Writing a personal statement for a teacher training application can be daunting, especially if it’s been a few years since you’ve had to write something like this. Whether you’re applying through Apply or through a provider’s website, this is your chance to show that you’d make a great trainee teacher. Here are our top tips to ensure you make the most of this opportunity:Start early
Your personal statement is a way to demonstrate your ability to communicate effectively and clearly, a key skill for teachers, and it’s the only part of your application that allows your personality shine through. It’s therefore really important that you take the time to get it right, so get started on it a few weeks before you want to submit your application.
Work on a draft
Have a document open that you can work on and come back to, rather than trying to type something straight into the application form. This way, you can send it to others for feedback and proofreading, ensuring it’s in the best possible shape before pasting it into the application.
Make a list
If the blank page in front of you seems intimidating, start by writing a list of things that you want to include in your personal statement. This could include:
- Why you want to become a teacher, and why you want to teach your chosen subject
- Your understanding of teaching as a profession
- Any experience working in schools, or any other work with young people, such as coaching a sports team or volunteering at a summer camp
- The skills you have that are transferable to teaching, such as presentation skills or leading a team
If you’re applying through Apply, the statement is split into ‘Vocation’ (why you should be considered for teacher training) and ‘Subject knowledge’ (why you should be considered for teaching your subject), so you’ll need to bear this in mind at the offset. If you’re applying through a provider’s website, check if they need you to structure your statement in a certain way.
Flesh out the points on your list by adding notes, specific examples or phrases you want to mention. Once you’ve done that, take one point at a time and use it to form a sentence or paragraph. Don’t worry about perfecting it at the moment – that will come later. Just make sure that what you’re saying is a fair representation of you and your experience – don’t be afraid to be enthusiastic about your passions and achievements, but equally, don’t exaggerate.
You should now have a page of writing, separated into a few paragraphs. Give the whole document a read through to see how it flows. You might need to rearrange the order of your points, or add linking words to ensure a smooth transition from one point to the next.
This is also a good time to think about how you start and end your statement. A good personal statement will draw the reader in with the first sentence and conclude with a memorable ending. Your ending might sum up your unique qualities, or emphasise why you want to join the profession.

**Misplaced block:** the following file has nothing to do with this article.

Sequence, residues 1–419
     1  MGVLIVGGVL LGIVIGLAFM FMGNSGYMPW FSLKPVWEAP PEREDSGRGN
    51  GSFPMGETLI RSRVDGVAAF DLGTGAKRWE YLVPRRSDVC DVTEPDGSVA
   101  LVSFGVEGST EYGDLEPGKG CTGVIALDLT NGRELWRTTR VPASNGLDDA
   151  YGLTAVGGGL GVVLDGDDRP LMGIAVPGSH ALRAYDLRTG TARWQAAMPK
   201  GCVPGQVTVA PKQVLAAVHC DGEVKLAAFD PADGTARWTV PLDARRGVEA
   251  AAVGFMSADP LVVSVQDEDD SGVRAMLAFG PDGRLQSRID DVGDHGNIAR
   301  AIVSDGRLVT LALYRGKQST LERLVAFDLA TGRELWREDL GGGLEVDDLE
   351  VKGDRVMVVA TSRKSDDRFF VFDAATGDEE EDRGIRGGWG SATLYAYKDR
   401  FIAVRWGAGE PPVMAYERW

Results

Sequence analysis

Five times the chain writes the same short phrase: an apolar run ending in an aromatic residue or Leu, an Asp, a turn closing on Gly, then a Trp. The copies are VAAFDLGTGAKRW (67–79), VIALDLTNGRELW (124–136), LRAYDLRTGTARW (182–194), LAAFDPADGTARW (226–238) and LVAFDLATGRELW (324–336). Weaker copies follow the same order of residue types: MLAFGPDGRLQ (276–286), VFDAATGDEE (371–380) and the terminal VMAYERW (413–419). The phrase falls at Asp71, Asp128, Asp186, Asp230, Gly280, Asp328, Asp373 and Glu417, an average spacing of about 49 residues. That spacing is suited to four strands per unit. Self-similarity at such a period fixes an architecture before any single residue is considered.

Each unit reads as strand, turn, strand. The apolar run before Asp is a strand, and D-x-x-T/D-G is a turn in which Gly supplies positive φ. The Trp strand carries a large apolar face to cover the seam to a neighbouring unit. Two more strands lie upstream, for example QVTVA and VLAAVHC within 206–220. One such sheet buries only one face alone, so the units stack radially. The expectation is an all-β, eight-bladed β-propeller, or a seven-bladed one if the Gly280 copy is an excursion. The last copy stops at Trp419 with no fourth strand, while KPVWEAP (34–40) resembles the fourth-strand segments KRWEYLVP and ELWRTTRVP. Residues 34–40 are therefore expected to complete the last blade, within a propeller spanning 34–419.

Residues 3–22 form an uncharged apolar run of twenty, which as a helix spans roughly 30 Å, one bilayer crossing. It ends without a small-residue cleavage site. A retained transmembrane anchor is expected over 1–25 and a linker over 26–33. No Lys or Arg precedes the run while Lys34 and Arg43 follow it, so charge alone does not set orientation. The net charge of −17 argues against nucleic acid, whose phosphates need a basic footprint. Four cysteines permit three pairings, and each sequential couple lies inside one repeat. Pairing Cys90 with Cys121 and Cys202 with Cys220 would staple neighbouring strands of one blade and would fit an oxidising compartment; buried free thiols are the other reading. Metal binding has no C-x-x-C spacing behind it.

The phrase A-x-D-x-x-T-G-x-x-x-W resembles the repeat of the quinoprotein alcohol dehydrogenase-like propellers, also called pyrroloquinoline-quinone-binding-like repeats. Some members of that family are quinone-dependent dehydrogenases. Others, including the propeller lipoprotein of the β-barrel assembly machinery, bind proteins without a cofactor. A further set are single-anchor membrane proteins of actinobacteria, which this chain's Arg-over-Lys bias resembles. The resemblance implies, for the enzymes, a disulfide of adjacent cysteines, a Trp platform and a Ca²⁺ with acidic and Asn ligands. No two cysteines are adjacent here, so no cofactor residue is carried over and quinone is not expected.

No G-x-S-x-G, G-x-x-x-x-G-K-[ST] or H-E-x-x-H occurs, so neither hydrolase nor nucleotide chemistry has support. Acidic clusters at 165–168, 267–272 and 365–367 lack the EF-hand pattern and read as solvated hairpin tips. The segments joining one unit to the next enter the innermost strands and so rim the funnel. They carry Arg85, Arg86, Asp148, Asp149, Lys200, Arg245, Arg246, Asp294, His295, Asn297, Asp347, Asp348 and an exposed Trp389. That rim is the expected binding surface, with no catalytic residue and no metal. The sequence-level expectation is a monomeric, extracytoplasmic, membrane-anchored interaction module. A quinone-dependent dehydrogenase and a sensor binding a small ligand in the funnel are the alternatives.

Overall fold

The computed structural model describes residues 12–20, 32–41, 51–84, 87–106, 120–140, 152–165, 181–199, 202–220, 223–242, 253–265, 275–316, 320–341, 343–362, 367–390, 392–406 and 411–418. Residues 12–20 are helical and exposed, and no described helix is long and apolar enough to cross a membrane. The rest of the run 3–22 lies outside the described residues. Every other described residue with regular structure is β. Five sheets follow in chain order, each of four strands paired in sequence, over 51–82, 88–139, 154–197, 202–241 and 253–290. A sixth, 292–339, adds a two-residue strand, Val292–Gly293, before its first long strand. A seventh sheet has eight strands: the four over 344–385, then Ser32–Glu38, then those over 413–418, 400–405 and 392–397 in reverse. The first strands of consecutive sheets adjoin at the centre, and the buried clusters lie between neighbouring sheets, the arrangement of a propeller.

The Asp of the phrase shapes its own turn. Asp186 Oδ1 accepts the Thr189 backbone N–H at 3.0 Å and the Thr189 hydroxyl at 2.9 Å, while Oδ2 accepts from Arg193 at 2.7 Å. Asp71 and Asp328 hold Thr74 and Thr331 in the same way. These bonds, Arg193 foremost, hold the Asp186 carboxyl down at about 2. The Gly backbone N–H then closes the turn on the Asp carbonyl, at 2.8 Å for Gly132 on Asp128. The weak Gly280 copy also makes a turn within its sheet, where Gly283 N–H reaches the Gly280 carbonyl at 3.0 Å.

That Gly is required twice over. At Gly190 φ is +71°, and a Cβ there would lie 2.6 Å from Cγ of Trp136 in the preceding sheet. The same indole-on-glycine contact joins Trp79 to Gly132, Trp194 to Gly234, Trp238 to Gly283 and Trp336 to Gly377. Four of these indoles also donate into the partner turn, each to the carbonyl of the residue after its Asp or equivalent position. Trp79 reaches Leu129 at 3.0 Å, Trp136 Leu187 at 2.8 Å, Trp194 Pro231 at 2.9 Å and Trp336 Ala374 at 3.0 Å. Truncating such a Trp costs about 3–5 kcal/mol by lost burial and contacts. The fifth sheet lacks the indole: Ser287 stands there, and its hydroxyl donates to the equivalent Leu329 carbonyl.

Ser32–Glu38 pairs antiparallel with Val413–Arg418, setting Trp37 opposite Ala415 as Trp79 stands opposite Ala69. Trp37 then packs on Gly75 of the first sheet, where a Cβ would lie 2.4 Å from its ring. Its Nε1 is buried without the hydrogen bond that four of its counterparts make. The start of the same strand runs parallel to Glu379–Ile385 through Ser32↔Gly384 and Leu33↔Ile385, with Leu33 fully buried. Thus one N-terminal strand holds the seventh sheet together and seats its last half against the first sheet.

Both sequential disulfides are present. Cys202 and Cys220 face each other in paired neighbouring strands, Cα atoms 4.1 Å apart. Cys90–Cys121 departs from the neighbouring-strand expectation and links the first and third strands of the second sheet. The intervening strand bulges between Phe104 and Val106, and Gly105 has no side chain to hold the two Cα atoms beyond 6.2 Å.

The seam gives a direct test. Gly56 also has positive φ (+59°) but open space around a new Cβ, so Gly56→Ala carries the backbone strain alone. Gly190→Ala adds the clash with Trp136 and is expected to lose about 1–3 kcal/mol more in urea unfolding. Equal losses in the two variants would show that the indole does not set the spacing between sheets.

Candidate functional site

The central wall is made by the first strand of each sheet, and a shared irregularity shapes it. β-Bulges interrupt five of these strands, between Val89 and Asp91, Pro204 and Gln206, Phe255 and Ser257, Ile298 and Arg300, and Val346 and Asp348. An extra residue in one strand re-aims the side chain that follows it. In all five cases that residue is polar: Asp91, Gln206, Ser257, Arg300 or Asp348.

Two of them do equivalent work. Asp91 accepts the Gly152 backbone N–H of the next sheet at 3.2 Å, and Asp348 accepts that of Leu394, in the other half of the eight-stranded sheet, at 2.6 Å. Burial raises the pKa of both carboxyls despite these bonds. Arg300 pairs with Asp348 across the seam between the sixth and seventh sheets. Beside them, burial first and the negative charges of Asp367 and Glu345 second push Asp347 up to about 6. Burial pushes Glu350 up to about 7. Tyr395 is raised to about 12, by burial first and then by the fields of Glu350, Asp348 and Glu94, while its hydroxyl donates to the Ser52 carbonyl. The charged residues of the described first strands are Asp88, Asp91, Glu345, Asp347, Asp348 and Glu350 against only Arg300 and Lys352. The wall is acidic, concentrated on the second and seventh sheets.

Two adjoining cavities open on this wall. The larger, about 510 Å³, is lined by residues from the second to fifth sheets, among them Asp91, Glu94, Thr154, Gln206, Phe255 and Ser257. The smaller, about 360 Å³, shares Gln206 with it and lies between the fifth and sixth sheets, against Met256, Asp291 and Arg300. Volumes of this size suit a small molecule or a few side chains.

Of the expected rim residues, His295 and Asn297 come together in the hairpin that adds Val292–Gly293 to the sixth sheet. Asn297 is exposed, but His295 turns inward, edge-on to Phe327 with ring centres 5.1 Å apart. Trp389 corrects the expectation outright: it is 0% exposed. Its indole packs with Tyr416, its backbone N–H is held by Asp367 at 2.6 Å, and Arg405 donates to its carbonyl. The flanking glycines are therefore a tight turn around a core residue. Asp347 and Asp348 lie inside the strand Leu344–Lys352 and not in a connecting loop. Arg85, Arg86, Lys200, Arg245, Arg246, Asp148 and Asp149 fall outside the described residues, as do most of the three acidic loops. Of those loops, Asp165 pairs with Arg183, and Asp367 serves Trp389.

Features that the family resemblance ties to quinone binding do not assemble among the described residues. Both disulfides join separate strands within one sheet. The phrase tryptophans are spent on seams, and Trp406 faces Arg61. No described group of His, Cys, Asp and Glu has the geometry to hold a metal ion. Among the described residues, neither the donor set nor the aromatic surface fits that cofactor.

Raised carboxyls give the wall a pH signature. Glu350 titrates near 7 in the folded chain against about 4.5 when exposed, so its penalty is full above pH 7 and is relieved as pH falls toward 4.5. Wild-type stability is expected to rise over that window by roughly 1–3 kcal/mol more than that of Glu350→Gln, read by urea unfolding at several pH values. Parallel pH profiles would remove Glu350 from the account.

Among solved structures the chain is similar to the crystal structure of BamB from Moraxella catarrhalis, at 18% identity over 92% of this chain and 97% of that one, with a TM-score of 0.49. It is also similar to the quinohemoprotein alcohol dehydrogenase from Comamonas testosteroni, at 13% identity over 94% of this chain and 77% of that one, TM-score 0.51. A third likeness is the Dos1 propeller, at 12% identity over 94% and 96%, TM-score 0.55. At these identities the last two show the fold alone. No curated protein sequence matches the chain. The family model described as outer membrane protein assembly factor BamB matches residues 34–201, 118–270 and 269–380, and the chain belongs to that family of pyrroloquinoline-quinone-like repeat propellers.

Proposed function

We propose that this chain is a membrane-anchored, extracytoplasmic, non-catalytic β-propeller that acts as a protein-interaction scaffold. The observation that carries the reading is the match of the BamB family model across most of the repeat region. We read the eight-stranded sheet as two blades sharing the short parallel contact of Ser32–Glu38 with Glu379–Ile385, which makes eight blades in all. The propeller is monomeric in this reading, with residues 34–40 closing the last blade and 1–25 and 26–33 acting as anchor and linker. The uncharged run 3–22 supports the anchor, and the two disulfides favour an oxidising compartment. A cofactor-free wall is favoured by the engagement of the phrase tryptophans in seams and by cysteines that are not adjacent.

Check the length
Is your statement within the word limit? For United Teaching, we ask for up to 200 words. If you’re a long way over or under the limit, you’ll have to consider taking out or adding in some paragraphs. You might think that being far below the limit isn’t as bad as going over, but providers may infer from this that you don’t have enough to say, or that you haven’t made an effort to add more detail. A good place to aim would be between 90-100% of the word limit.
Proof, proof, proof!
Correct spelling, grammar and punctuation is of the utmost importance when applying for teacher training, so don’t just rely on a spellchecker. If you’re not sure about something, look it up or ask someone you trust.
This is the perfect time to get trusted friends involved – often, a fresh pair of eyes will help you spot spelling and grammar errors that you might not have noticed. You can also ask them to check the content – questions you could ask are:
- Does my passion for teaching/my subject/working with young people come across?
- Do my examples demonstrate what I want them to?
- Do I need to explain anything more clearly?
If you know any teachers, you could also ask them to read it and give you some feedback.
This is it! You’ve put the hard work in and you’re almost there. Do a final check to make sure you’re close to the word count but not above it. Now you can copy and paste it into your application form. Check whether the formatting of your statement is correct in the box you’ve pasted it in – you may need to add your paragraph spaces in again.
Keep it safe
Make sure you’ve got your personal statement document saved and you know where you’ve saved it. If you’re applying through a provider’s website (such as United Teaching) and they end up offering you a place, they may ask you to complete an Apply form before you can accept the offer. This means if you’ve got the statement to hand, you can use it here as well.
We wish you all the best with your application! If you need any further advice, please don’t hesitate to get in touch.